Well...If my knowledge on zoology is good, kiwis can't fly. But it really looked as if they were when the Sri Lankan lions ran amok today. I was up till now and I know many blokes around my area were too, hearing the fire crackers all around. Great win, couldn't have been better! Can't say much, I feel bit drowsy now. It's a 3.40 am now in SL, and it's the dawn of a day after a majestic victory...

SL - 289/5…Just a few mins away from the start of the NZ Innings

The decision to retain Tharanga pays off. Asantha de Mel once again shows his decision was the right one. On a day where the whole country (including myself) wished he (Tharanga) shouldn’t be playing, he turned the tables, broke the shackles and converted the Giga Pascals of pressure to scores. He was very unfortunate to be dismissed while en route to a brilliant hundred after having done all the hard work. Mahela the maestro puts up an innings what can only be described as one of the best innings in the history of the World Cup. From the very first ball he faced, the plan was right on schedule in his mind to build a truly majestic inning. Bond came up back from the injury with tons expected of him. He failed to deliver the goods and picked a solitary wicket of Chamara Silva which was one of the two poor decisions given by the umpires today. Dilshan hit a run-a-ball cameo but was again wrongfully adjudged lbw by the best umpire in the world. Jayasuriya and Sanga failed to make much impression, but it didn’t bother the SL total. It’s just few mins away to the start of the NZ innings, so I’m gonna shut this thing off and crank on to Channel Eye. Well...hope this sleepless night would be for a better cause...We'll see...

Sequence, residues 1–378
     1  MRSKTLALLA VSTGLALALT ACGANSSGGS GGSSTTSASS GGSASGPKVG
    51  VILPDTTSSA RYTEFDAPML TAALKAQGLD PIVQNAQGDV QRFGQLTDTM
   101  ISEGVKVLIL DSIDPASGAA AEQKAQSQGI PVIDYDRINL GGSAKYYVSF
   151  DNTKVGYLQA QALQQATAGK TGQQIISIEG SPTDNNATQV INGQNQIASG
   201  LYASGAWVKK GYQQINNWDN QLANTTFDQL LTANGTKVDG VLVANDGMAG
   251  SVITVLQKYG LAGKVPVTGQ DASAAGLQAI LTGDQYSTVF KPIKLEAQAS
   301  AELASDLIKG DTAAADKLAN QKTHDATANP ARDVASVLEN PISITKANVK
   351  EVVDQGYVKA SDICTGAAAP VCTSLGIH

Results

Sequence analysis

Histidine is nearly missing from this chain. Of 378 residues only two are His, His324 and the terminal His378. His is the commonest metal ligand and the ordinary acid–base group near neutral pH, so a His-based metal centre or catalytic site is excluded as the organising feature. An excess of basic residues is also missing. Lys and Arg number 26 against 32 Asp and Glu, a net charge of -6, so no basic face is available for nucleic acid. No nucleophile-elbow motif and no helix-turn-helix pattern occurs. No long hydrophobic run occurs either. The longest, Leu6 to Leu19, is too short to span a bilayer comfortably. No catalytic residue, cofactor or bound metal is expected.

Tuesday, April 24, 2007

A Reminiscence…Four-year University life at Pera (Part I)

As Master Amaradewa’s classic – “hanthane kandu muduna” airs on my audio, I fall into a virtual trance. It’s an amazing song really, one that would put anyone to a kind of a rumination.

Months after the University life at Peradeniya was over, I start to look back and reminisce. Apart from all the joys and woes that I had, I wouldn’t know if I could have lived those four years better, but what I know for sure is that I really enjoyed it the best way I could. Maybe I missed out on a few. One thing I pretty much regret is the fact that I didn’t find love there. It wasn’t just me who left the University without a single, real love saga behind, but most of the blokes at Engineering were in my boat. Apart from a few who had found love before entering the University, some found their life partner from the faculty. But majority of the guys were looking for something else, which they didn’t find in Engineering girls: a non-mechanized mind.